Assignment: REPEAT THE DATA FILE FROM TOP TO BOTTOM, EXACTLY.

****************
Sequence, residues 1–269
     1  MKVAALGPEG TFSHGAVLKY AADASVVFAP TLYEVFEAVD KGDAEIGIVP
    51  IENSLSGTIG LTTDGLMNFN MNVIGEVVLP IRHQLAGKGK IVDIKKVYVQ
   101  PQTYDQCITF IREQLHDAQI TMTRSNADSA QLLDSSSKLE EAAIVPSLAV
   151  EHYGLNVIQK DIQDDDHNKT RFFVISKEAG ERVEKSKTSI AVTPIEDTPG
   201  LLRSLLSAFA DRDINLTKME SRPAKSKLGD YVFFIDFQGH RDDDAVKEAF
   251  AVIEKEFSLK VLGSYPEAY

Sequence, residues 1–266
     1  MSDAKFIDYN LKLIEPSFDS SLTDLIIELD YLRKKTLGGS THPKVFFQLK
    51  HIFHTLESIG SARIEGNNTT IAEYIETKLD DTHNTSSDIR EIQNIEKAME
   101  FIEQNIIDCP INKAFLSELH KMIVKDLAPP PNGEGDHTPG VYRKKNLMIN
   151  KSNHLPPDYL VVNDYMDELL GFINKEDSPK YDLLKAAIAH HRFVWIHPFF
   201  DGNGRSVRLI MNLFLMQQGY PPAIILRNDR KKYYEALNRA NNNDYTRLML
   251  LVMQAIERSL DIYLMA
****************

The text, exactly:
Sequence, residues 1–269
     1  MKVAALGPEG TFSHGAVLKY AADASVVFAP TLYEVFEAVD KGDAEIGIVP
    51  IENSLSGTIG LTTDGLMNFN MNVIGEVVLP IRHQLAGKGK IVDIKKVYVQ
   101  PQTYDQCITF IREQLHDAQI TMTRSNADSA QLLDSSSKLE EAAIVPSLAV
   151  EHYGLNVIQK DIQDDDHNKT RFFVISKEAG ERVEKSKTSI AVTPIEDTPG
   201  LLRSLLSAFA DRDINLTKME SRPAKSKLGD YVFFIDFQGH RDDDAVKEAF
   251  AVIEKEFSLK VLGSYPEAY

Sequence, residues 1–266
     1  MSDAKFIDYN LKLIEPSFDS SLTDLIIELD YLRKKTLGGS THPKVFFQLK
    51  HIFHTLESIG SARIEGNNTT IAEYIETKLD DTHNTSSDIR EIQNIEKAME
   101  FIEQNIIDCP INKAFLSELH KMIVKDLAPP PNGEGDHTPG VYRKKNLMIN
   151  KSNHLPPDYL VVNDYMDELL GFINKEDSPK YDLLKAAIAH HRFVWIHPFF
   201  DGNGRSVRLI MNLFLMQQGY PPAIILRNDR KKYYEALNRA NNNDYTRLML
   251  LVMQAIERSL DIYLMA